at the absurdity of the poet, might mentioned the authors of the North then be enjoyed by the reader without Briton and of Junius's Letters, it bean apprehension that he was guilty of comes necessary to observe, that these profanity in giving way to it. Milton worthies are in some sort the heroes of has been blamed by the most judicious the travesty. The OLD Jacobin, who critics, and his warmest admirers, for was a liar from the beginning, calls expressing the counsels of Eternal myriads of spirits to prove his claim Wisdom and the decrees of Almighty to George III., and this respectable pair Power, by words assigned to the Deity. are selected as spokesmen. Junius It offends against poetical propriety utters a notable Liberalism in the only and poetical probability. It is impos- line of the travesty which I shall quote. sible to deceive ourselves into a mo

“ I loved my country, and I hated him." mentary and poetical belief, that words proceeded from the Holy Spirit, ex- That is to say, the King. I do not cept on the warrant of inspiration it. think that any injustice is done to this self. It is here only that Milton fails, writer in having such a sentiment imand here Milton sometimes shocks. puted to him, for it is one that he oft, The language and conduct ascribed by en betrays, though he is careful not to Milton to his inferior spirits, accords utter it. If he had plainly expressed so well with our conceptions and be- his hatred to the King, his pretence of lief respecting their nature and ex- loving his country would have availed istence, that in many places we forget him little, and his popularity would that they are in any respect the crea have been at an end; for when he tures of imagination. The blasphemies wrote, even the mob were but half of Milton's devils offend not a pious liberalised, or, if there were some ear, because they are devils who utter truly liberal and enlightened spirits them. Nor are we displeased with the among us, (as there always are in every poet's presumption in feigning lan- country,) they were men who had not guage for heavenly spirits,

because it been taught to read, and whose favour is a language that lifts the soul to was of no value to an author. But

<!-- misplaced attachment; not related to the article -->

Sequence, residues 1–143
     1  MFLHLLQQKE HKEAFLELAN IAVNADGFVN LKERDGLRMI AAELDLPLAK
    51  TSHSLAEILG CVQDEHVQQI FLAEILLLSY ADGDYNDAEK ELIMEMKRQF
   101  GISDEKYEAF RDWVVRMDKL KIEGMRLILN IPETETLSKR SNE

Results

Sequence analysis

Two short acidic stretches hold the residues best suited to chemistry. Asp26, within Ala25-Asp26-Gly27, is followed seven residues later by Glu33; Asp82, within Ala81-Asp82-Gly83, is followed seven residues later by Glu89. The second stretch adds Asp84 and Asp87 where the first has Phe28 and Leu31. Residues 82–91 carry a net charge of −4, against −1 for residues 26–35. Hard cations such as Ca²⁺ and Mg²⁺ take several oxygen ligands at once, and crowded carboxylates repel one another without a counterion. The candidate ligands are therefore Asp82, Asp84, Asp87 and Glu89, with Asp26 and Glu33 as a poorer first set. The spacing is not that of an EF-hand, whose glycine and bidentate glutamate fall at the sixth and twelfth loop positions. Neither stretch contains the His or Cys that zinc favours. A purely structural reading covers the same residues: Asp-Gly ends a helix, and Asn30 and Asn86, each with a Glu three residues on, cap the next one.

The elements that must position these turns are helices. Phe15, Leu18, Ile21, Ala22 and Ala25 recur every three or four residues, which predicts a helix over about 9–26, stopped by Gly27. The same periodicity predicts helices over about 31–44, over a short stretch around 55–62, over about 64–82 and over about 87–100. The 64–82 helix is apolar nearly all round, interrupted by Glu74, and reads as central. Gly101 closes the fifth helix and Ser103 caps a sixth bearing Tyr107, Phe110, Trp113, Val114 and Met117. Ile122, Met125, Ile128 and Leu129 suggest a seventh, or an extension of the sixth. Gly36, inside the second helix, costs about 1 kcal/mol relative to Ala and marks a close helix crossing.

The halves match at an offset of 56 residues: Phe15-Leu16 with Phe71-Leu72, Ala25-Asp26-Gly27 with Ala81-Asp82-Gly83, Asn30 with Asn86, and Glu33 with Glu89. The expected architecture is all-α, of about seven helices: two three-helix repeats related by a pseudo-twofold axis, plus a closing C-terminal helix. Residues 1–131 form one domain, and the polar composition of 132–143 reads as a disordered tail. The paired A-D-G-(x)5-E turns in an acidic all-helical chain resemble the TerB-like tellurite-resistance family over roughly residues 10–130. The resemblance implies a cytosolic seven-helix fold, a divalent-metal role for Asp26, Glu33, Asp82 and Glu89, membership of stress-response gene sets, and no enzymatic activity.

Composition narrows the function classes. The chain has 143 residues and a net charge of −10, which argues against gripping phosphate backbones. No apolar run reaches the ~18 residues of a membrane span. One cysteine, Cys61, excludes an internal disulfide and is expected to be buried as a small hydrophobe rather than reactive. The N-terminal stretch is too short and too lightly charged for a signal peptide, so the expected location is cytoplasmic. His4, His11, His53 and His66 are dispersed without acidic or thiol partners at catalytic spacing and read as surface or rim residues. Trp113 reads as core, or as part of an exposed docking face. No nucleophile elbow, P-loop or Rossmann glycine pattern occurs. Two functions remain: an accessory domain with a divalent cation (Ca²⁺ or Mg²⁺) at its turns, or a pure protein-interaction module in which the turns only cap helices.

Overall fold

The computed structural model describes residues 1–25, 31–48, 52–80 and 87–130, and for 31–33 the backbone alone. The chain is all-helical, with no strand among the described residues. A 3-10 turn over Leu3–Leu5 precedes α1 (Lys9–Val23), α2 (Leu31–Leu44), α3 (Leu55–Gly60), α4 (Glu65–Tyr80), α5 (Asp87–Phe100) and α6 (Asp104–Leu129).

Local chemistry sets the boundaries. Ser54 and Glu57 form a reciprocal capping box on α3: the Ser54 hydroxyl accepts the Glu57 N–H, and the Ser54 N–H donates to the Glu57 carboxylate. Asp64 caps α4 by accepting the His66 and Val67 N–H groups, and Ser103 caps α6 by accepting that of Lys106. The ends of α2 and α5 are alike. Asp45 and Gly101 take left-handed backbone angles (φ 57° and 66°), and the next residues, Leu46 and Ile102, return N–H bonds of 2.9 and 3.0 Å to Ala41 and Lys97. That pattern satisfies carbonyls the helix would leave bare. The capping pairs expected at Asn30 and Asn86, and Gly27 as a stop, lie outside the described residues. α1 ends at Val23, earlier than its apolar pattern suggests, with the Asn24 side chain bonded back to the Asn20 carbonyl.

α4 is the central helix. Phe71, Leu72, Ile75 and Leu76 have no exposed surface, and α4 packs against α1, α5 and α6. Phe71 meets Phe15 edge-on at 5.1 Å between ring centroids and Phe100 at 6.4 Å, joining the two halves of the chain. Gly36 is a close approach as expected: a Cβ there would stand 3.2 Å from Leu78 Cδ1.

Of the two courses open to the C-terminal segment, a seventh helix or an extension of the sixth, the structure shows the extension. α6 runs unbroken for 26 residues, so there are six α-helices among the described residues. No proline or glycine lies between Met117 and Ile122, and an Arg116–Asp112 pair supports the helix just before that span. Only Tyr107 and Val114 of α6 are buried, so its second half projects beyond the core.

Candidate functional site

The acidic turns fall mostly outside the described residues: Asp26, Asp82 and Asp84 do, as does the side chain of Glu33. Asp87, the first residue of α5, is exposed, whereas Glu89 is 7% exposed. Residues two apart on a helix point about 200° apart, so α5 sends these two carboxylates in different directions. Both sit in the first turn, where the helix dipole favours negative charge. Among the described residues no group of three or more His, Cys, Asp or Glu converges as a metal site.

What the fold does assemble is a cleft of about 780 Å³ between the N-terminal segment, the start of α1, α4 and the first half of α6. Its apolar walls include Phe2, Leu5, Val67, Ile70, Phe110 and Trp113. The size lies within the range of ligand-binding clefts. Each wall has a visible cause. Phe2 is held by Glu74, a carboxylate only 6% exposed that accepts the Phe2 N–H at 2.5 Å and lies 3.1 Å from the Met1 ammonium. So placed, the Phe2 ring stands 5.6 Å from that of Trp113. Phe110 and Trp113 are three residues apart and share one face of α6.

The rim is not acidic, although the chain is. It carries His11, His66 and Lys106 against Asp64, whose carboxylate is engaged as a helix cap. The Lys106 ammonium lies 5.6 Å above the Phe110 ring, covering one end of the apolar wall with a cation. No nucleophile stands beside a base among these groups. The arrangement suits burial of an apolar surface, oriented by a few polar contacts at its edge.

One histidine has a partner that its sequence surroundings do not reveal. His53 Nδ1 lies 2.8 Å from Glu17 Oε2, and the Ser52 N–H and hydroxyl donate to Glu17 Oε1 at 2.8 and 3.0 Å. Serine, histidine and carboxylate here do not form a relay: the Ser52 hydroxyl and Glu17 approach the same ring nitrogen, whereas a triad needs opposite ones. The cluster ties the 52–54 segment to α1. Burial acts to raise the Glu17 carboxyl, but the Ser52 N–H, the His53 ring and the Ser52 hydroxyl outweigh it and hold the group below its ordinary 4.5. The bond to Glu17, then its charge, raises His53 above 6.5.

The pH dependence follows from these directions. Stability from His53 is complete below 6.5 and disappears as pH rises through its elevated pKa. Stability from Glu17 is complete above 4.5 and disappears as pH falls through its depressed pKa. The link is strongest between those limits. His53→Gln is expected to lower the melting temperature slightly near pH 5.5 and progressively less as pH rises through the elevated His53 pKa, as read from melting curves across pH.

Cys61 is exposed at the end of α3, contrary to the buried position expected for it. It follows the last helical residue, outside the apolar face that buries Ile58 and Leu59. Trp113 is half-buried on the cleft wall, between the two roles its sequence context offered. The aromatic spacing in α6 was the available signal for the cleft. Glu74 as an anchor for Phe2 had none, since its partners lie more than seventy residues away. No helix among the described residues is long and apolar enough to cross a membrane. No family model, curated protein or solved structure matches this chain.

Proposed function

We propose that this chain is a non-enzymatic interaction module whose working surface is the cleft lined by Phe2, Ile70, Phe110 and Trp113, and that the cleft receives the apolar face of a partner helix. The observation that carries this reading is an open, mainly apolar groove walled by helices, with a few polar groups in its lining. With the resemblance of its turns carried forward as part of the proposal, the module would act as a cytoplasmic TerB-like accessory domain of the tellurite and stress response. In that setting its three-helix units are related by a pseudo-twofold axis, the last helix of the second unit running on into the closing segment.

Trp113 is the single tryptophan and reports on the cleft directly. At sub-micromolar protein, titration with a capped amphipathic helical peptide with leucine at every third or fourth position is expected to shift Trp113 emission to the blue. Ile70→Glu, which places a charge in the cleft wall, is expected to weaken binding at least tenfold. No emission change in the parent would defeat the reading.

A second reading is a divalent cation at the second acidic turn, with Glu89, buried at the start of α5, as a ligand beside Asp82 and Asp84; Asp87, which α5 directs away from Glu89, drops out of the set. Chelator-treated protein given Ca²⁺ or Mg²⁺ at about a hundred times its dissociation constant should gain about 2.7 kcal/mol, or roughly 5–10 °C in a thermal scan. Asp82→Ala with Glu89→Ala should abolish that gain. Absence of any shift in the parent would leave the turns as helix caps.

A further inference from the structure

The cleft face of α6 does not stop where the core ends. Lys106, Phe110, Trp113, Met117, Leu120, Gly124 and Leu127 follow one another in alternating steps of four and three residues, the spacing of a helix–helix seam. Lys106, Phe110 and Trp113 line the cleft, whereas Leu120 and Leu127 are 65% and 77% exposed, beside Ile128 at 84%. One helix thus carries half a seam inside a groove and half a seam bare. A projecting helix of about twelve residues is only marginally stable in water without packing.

Heaven; and we more than believe, with this man of bombast I have no- we know and feel, that whatever may thing to do. I take the expressions be the nature of the language of an- put into his mouth to be the senti gels, the language of the poet truly ments of the authors of The Liberal, interprets their sentiments. The words and the party for whom they write. are human, but the truths they ex- It is in vain to disclaim them as none press, and the doctrines they teach, are of their own, and to say they are exdivine. Nothing of the same kind can pressions in character, which they put be said of any other fable, serious or into the mouth of a noted liar, speakludicrous, pious or profane, that has ing at the instigation of the father of yet been written in any age or lan- lies. The author, speaking in his own guage. No one ever for a moment person, pretends no love for his counthought of Cain, or of good or evil try, and it is creditable to his sincerity spirits, or of St Peter, or of John that he does not. His unnatural haWilkes of disinterested memory, or of tred to the great and good King is the lying and braggart author of Ju- ostentatiously displayed throughout. nius's Letters, on reading the writings It is not easy to explain how it is perof Byron. It is the author alone who ceived, yet it is always easy to perscoffs and blasphemes throughout. ceive, when the words which an ay.

These pages may fall into the hands thor puts into the mouth of any of his of some who have not seen the Vision characters express his own sentiments, of Judgment, or the travesty. Having or sentiments which he wishes his

• I remark not on the unmanly conduct of the writer of the letters of Junius, in persisting in his concealment after outraging the feelings of respectable individuals by injurious misrepresentations of matters with which the public had no concern, as well as the feelings common to every honest Briton by insulting his King, because, for the present, I mean not to entrust the reading public with more of my own name than the ini. tials ; although I trust I shall never publish any thing that should make it inconvenia' ent to avail myself, if it is my wish, or unbecoming to remain concealed whilst such is my pleasure.

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* The